Saturday, March 3, 2018

Benton Smith: Oklahoma State’s physical play leads to Azubuike’s off day

Kansas center Udoka Azubuike (35) gets tied up between Oklahoma State forward Cameron McGriff (12) and Oklahoma State forward Yankuba Sima (35) during the first half, Saturday, March 3, 2018 at Gallagher-Iba Arena, in Stillwater, Okla.

Kansas center Udoka Azubuike (35) gets tied up between Oklahoma State forward Cameron McGriff (12) and Oklahoma State forward Yankuba Sima (35) during the first half, Saturday, March 3, 2018 at Gallagher-Iba Arena, in Stillwater, Okla.


STILLWATER, OKLA. — Sometimes when Kansas sophomore Udoka Azubuike steps onto the basketball court, his 7-foot, 280-pound frame is too immense for opponents to handle. The mere idea of defending or trying to score over the Jayhawks’ center becomes intimidating.

Oklahoma State’s big men suffered no such trepidation Saturday at Gallagher-Iba Arena.

Motivated 6-9 Cowboys senior Mitchell Solomon set a fearless tone inside in his final home game, and when Azubuike couldn’t equal Solomon it inspired Oklahoma State all the more to complete a season sweep of the 14-time reigning Big 12 champions.

After Solomon hit KU with 16 points, seven rebounds and a pair of blocked shots in an 82-64 Cowboys victory, Bill Self had a difficult time pinpointing the source of Azubuike’s issues. The Jayhawks’ occasionally dominant center finished with eight points on 4-for-6 shooting, with seven rebounds, four fouls and four turnovers in 20 minutes.

“I don’t know. I don’t know,” Self repeated, when asked if a lack of focus or execution were to blame. “It was a bad struggle today, though. A bad struggle. We had a hard time remembering any sets. You know, you can’t run a set against pressure if one guy doesn’t know what he’s doing, and that happened a lot today.”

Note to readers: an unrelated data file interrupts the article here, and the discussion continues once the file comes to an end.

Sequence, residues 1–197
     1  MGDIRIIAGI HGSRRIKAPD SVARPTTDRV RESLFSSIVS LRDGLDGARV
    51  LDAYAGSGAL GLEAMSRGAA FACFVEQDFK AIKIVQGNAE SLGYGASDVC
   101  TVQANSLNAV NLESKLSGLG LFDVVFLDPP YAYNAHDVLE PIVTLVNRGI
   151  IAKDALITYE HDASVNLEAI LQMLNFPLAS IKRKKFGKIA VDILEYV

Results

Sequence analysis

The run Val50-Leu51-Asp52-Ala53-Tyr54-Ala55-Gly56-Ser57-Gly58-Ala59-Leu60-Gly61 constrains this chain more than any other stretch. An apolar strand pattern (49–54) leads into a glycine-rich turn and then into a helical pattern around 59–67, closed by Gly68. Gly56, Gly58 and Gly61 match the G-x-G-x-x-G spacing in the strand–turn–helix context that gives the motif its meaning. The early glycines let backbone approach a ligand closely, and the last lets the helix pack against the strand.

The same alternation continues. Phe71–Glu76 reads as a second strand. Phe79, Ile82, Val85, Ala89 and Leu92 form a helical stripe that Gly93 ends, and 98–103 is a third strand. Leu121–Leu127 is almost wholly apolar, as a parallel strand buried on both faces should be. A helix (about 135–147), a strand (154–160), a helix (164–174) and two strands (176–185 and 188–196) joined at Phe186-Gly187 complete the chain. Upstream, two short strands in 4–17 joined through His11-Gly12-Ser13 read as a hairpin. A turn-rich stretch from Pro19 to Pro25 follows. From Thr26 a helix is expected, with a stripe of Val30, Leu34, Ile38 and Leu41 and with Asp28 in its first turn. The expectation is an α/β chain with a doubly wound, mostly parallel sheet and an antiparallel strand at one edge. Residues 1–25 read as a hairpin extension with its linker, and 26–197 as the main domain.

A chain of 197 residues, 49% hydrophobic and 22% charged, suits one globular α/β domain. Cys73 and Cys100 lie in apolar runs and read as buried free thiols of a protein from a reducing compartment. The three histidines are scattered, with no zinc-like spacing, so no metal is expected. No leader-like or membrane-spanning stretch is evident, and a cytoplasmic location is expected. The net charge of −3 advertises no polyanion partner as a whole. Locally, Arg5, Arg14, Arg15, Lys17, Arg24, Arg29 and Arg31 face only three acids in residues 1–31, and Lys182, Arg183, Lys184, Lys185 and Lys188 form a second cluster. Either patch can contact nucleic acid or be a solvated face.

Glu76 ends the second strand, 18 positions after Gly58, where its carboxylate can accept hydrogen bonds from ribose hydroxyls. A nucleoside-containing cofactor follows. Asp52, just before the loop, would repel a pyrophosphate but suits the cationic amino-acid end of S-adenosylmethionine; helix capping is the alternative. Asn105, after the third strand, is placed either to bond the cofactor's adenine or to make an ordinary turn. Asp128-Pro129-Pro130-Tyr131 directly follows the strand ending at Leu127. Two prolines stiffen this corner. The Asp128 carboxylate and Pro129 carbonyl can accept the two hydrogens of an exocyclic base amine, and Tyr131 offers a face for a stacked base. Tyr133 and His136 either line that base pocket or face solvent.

An active deterrent in the paint earlier the week versus Texas, Azubuike blocked no shots against Oklahoma State (18-13 overall, 8-10 Big 12). In the first half, a simple Solomon head fake sent KU’s would-be rim protector flying past, paving a runway for the Cowboys senior to slam and celebrate.

Less polished 6-11 junior Yankuba Sima went right at Azubuike for a score inside in the first half, too, and finished with six points, two rebounds and a block in 15 reserve minutes.

On the opposite end of the floor, both Solomon and Sima seemed to draw confidence from their offensive success. They bodied Azubuike to make sure he didn’t get easy catches and stayed active around him inside, never allowing him to create even the slightest positive momentum for himself.

“They was pushing him off the block a lot,” KU senior point guard Devonte’ Graham said, “making him catch it further out than he usually do. He couldn’t just turn and make a move. He had to make a couple more bounces than he was usually used to.”

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Press Conferences & Post-Game Interviews

Bill Self laments Jayhawks' lack of competitiveness after largest loss of season, at Oklahoma State

Kansas basketball coach Bill Self laments' the Jayhawks' competitiveness following an 82-64 loss at Oklahoma State in the regular-season finale.